Tuesday, September 21, 2010

Will Joe Romm Bet Me on Round #2 of the Ehrlich/Simon Bet But This Time on Deaths from Natural Disasters?

In Joe Romm's blog post he has some tough things to say about my book climatopolis.   He doesn't bother linking to it in his post so permit me to make a couple of points and to propose a wager.

1.  Dr. Romm is clearly quite angry about the failure to overcome the free rider problem to reduce our greenhouse gas emissions.  I am angry about this as well and say throughout the book that I am a 100% supporter of carbon incentives.

2. Perhaps to increase demand for carbon mitigation efforts today,  Dr. Romm pushes hard that we are doomed and dead meat if we allow atmospheric GHG concentrations to march up to 1000 ppm.  At a linear  increase of 1.9 ppm per year right now -- I believe that we would not reach a target until more than 200 years have past.

But, let's assume he is right that we will soon hit 1000 ppm under business as usual.

3.  He presents a series of color graphs showing how many days over 100 degrees different parts of the USA will be per year when we hit carbon concentration of 1000 ppm.  Commenters on his webpage discuss that cities such as Salt Lake City have suffered from climate events recently.  I deny none of these points.  An economist would ask;  "how much are people in such areas willing to pay to avoid such days?"  When Phoenix had 14 days over 100 degrees in May 2009, how much did people suffer? How much did air conditioning protect them from being exposed to the heat? 

4. I agree with Romm that adaptation will be easier if we curb our CO2 emissions now.  I just don't believe that we will enact such mitigation legislation.   As I discuss in Climatoplis, the mitigation free rider problem is too hard for politicians to solve. Nobody wants to be the "first mover".   He is clearly worried about the lulling hypothesis which I discuss in my conclusion. If we think we can adapt then this diminishes the desire to mitigate.  He is using his blog as a political sledgehammer to achieve climate consensus now.  This may be a wise political strategy but to swing political moderates -- I believe that we need to have an honest discussion of what plays out if we don't make costly decisions now.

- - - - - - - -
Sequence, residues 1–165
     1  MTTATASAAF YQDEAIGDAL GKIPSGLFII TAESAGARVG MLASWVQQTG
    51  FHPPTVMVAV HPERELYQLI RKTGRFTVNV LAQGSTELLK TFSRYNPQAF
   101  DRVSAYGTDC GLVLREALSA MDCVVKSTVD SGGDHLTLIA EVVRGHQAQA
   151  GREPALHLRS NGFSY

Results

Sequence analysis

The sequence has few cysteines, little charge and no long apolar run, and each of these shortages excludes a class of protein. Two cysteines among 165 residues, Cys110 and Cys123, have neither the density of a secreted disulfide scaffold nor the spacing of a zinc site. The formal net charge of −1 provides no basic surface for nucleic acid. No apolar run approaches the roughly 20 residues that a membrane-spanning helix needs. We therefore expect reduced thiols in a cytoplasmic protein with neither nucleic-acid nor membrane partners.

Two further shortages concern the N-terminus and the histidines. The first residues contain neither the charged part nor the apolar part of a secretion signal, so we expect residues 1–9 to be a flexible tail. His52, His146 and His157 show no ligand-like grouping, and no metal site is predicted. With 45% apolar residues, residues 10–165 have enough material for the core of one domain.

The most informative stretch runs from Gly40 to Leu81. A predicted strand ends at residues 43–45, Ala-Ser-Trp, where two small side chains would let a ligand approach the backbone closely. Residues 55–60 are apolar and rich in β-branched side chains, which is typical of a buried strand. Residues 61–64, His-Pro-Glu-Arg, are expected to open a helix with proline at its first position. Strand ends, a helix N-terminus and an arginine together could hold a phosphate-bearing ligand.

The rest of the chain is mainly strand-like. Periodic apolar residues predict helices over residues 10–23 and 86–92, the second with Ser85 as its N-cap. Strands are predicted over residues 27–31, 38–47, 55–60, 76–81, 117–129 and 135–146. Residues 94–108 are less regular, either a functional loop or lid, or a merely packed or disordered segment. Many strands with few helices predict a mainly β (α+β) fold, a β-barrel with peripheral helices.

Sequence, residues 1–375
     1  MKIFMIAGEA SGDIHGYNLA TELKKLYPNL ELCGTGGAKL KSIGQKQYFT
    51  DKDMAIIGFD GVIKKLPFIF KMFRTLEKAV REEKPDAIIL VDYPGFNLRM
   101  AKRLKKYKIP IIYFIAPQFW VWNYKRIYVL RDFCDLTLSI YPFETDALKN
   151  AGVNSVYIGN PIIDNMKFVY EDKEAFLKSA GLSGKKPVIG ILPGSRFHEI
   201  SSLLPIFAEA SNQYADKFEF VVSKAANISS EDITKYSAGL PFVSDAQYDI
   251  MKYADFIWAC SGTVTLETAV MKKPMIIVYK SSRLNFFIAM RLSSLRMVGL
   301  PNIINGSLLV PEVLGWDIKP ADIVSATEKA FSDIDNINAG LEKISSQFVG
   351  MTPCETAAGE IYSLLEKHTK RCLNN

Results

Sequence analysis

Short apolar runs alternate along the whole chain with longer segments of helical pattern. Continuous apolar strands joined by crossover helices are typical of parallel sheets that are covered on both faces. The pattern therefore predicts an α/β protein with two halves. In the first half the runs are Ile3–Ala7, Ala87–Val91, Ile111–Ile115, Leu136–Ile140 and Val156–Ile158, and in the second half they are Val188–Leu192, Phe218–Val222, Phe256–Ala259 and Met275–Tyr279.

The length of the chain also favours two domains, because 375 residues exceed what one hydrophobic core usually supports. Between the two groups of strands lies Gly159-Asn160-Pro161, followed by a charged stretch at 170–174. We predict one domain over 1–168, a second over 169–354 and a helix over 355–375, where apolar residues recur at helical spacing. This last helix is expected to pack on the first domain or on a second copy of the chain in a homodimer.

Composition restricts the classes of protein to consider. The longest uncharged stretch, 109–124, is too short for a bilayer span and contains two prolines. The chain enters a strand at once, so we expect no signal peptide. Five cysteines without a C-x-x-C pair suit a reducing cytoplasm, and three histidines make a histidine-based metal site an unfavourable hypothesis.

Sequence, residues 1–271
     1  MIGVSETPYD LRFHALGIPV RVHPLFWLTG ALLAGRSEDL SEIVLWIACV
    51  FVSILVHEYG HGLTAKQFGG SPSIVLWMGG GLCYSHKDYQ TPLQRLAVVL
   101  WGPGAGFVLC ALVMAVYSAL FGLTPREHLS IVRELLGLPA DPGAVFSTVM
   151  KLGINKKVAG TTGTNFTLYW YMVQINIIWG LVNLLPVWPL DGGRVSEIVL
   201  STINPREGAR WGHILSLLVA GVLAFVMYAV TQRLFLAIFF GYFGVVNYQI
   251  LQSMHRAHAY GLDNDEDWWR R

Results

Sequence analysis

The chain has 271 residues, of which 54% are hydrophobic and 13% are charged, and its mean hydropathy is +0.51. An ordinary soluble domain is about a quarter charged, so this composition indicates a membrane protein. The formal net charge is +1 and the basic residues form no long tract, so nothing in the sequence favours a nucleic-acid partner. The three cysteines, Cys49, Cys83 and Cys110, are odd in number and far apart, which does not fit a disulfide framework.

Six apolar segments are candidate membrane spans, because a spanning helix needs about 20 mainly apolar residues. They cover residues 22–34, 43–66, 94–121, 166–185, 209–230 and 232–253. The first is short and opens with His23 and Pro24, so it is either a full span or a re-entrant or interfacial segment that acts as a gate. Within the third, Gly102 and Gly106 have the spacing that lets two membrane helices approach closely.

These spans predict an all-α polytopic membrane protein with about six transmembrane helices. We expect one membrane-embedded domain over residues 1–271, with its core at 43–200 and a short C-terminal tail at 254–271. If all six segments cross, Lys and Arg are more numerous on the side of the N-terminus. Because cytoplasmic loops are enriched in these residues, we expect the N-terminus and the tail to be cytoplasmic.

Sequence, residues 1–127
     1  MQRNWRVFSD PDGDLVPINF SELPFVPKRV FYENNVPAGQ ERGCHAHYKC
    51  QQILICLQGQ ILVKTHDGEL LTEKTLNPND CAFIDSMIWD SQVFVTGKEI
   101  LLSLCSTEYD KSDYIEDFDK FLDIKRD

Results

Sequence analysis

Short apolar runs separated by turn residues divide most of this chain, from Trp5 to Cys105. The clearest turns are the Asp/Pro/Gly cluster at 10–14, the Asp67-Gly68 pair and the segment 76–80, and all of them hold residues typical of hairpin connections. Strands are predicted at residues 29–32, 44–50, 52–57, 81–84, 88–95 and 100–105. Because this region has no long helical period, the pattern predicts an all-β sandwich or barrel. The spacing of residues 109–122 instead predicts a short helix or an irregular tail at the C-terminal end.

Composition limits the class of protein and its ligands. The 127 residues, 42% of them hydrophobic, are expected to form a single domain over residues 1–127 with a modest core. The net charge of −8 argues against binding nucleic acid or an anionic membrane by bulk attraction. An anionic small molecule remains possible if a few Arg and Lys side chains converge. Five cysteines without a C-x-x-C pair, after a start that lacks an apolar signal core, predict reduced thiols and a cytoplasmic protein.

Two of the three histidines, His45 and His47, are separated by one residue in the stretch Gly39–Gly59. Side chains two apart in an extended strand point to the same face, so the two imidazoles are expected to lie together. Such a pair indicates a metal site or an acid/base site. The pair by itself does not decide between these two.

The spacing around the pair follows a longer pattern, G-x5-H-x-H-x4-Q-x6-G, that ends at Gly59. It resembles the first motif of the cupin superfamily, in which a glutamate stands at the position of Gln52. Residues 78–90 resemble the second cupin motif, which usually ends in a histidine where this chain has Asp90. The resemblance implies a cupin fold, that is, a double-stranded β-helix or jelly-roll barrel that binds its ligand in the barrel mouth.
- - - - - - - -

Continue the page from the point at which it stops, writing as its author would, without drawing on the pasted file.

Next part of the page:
I would like to bet Joe Romm in an optimist vs. pessimist bet.  While climate change will cause more natural disasters in the future, I don't believe that the death count will go up.  We will be richer and we will take pre-cautions. Please read my paper  The Death Toll from Natural Disasters  .  Please email me if you can suggest a suitable bet. Given world population growth, I would want to standardize by this ; so the bet could take the form of "the over/under on the count of world deaths from natural disasters in the year 2040".

5. Joe Romm's piece is a pinch condescending to economists.  We understand incentives and human behavior. I understand his incentives but does he understand mine?  I want to explain and predict human behavior and microeconomics is a powerful tool.  As climate change plays out, we need to understand how a self interested forward looking population will respond. I argue that migration and innovation and carbon mitigation will all simultaneously playout and that the combined trio will help us to adapt.  In his "model", we are simply victims , passive vicitims, of bad collective choices (not mitigating carbon) made in the past.  That's pessimistic.  Does my prospective vision of the trio of migration, innovation and carbon mitigation border on wishful thinking?  No, we have a historical track record indicating how we have responded in the past to shocks and we have the right incentives (survival) and big brains to help us solve the new problems that climate change will pose for us.

Again the bet: yes climate change is coming and it will throw more heat waves and natural disasters at us but I claim that there will be less death from such shocks as we are richer, smarter, and on the move to the new cities we will build to protect ourselves against anticipated change.

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